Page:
Bittercress and Butterflies

Table of Contents

In early 2023 I was dropping off our van at our mechanic. Right down the street from him, there was an entire yard full of these beautiful little clusters of white flowers — hundreds of plants in full bloom.

I stopped to get some photos and of course added them to iNaturalist, and here was this new name I’d never heard before: Bulbous Bittercress (Cardamine bulbosa). What a good name for this plant putting out little bulbs of white blooms everywhere I looked.

A hand holds a bulb of small white flowers My first good look at this beautiful little plant.
Hundreds of small plants in bloom, filling a yard with thousands of  small white flowers The field full of Bulbous Cress. So many blooms!

A resident expert on iNat - @annieliveoak - soon confirmed the ID and let me know that it was a host plant for butterfly with another intriguing new name: Falcate orangetip. A gorgeous little white butterfly with hunter’s orange tips to their wings.

In the days after, I was driving up our long driveway back home and happened to spot these newly familiar blooms growing just feet from the gravel: a healthy little patch in the farthest northeastern corner of the western woods as it butts up against the neighbors. What a nice surprise! But as far as I could tell, no butterflies. The flowers went on their way for the year and I looked forward to trying again.

A few small plants with clusters of small white flowers and round dark green leaves grows up on the forest floor A thriving bit of Bulbous Cress near our house. It really seemed well-established in the little patch.

A year later, in late February, I was on a bird walk at the Greenwell Springs Hospital site, when a fellow birder called out a Falcate orangetip going by a few feet from us. Aha! It was much smaller than I was expecting, and so fast you could barely see the orange unless it came by pretty closely. Now I knew what to look for when the Bittercress came out again in the following days.

The next day, in the Old Pond Meadow, I was looking for some of the first dragonflies of the year (since we'd seen some while birding the day before), and there it was — a tiny little white butterfly flittering just over the top of the little flowers in the meadow, circling the meadow again and again.

I started snapping photos furiously, as it never stopped to land; I wondered what would bring it to investigate this meadow and remembered it was full of Caradmine of a different sort — much smaller and less impressive, but plentiful and apparently sharing some of the same qualities the more ostentatious Bulbous Bittercress.

A blurry photo of a small mostly-white butterfly with orange tips on its wings flying by from right to left. The outside of its hindwing is pattern in gray and white My first decent-ish photo of a Falcate Orangetip, flying by in the Old Pond Meadow

I soon spotted one or two more flying nearby and that was enough. I nearly ran over to the patch of bulbosa and soon found two or three flowering plants and at least five little orangetips perusing the area! I was treated to the sight of three of them chasing each other near one plant, and was thrilled when one flashed right in front of my lens as I was taking a photo of the cress.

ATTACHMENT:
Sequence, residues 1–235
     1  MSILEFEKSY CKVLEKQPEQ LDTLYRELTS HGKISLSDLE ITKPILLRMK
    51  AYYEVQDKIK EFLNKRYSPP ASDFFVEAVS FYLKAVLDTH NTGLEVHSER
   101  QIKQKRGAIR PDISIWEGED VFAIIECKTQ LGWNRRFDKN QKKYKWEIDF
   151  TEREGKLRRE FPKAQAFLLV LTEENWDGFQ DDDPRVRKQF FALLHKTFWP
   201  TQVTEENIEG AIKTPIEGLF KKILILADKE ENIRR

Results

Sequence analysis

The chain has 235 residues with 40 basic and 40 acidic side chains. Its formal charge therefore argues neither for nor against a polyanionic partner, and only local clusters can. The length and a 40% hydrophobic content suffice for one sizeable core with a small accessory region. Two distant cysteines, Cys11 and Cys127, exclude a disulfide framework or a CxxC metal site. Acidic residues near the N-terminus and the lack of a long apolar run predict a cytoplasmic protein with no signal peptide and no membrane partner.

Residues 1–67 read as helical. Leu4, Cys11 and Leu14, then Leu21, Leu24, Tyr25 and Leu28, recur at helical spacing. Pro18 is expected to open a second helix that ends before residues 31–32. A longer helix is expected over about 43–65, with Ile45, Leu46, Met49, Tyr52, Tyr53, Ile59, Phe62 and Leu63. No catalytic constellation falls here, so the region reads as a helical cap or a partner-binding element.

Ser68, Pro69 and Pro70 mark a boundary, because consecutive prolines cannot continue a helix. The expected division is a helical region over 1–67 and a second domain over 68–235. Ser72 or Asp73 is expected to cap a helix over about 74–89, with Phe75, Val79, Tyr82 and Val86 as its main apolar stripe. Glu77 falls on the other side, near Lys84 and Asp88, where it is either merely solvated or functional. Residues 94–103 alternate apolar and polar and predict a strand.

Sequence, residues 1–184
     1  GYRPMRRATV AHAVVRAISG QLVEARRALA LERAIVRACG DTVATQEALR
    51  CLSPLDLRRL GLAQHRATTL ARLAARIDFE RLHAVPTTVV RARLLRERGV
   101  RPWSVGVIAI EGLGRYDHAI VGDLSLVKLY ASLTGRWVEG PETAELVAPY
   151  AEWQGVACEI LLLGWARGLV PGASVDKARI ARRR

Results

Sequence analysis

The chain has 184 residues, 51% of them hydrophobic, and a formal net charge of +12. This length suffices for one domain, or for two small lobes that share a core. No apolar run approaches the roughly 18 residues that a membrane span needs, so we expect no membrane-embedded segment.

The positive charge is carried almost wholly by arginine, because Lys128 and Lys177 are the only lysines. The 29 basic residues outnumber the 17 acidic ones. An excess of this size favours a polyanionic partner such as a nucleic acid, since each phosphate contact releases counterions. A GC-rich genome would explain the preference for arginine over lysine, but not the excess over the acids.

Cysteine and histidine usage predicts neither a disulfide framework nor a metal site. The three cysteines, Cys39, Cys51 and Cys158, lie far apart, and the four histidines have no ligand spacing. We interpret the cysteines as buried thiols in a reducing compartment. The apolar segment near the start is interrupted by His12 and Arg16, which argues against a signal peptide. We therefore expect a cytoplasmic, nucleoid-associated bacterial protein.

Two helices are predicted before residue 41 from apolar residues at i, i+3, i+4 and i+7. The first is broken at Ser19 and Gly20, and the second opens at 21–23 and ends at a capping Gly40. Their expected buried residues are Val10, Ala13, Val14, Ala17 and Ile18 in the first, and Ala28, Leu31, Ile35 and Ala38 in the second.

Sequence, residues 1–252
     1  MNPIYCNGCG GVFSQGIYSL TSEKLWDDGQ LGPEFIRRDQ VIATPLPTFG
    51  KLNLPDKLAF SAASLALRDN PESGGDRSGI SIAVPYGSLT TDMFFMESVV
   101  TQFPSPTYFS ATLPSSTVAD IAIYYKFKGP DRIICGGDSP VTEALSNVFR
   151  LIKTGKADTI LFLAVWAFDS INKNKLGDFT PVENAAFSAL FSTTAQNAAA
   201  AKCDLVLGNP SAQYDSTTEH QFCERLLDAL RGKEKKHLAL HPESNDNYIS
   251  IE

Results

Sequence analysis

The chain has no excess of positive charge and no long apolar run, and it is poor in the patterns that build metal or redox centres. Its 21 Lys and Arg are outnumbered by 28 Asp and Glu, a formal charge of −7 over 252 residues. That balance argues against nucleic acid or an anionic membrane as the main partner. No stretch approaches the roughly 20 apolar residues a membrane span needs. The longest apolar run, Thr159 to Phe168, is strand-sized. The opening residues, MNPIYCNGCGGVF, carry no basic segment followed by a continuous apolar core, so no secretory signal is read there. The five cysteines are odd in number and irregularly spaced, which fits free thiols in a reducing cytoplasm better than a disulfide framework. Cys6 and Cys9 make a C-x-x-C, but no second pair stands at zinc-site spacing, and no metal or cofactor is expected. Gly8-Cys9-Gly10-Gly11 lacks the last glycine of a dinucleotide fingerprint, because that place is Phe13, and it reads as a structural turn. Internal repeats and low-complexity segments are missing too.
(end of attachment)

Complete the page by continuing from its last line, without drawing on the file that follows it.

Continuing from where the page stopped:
A photo of a cluster of white flowers, with a small white butterfly with orange tips on its wings flying in front of it, captured blurrily A male Falcate Orangetip flashes by a the flowers just as I was snapping a photo

I reported the butterflies and bittercress to iNaturalist and to my local Wild Ones chapter to share the interaction and presence of the relatively rare plant somewhere where I had access to it. They were excited, and my friend and chapter president Janine asked to come and collect a few plants to hopefully try to get some seed for future propagation of a wonderful native and hopefully holding on to these beautiful little butterflies.

She came and gathered a few plants, and one for me as well to transplant to the Old Pond Meadow and hopefully establish a little population back there as well. We saw the Orangetips using the smaller bittercress, which I observed separately throughout that week as well, and we both went away thrilled with witnessing these little interactions that mean so much to us.

A hand holding a small potted plant

My little plant bloomed, and I even saw an orangetip near it one day (though not on it). Today, I realized the blooms had completely fallen off, or seemed to be completely gone, and much to my surprise there was a tiny, green caterpillar hanging on to the end of the stem. Some quick searching confirmed there was a pretty good chance it's a Falcate orangetip caterpillar, and this little plant is doing exactly what we were hoping it would.

I was going to try to protect and raise the little friend as best as I can, with the advice from Janine who does this sort of thing regularly, but seeing as it should spend most of the year as a chrysalis, I brought it to one of the bigger plants out in the patch and hope it can do its thing naturally.

This sort of story is the goal of conservation and naturalist work, in a lot of ways. Learning about the entire ecosystem, these relationships across the kingdoms and food cycle, and how taking a little extra interest in something that catches your eye can lead to a naturalist adventure that brings excitement and beauty into the lives of more people around you

A tiny green caterpillar, as long as a fingertip is wide, with a white stripe down the side of its body, nibbles on the small green stalk of a plant My little caterpillar friend.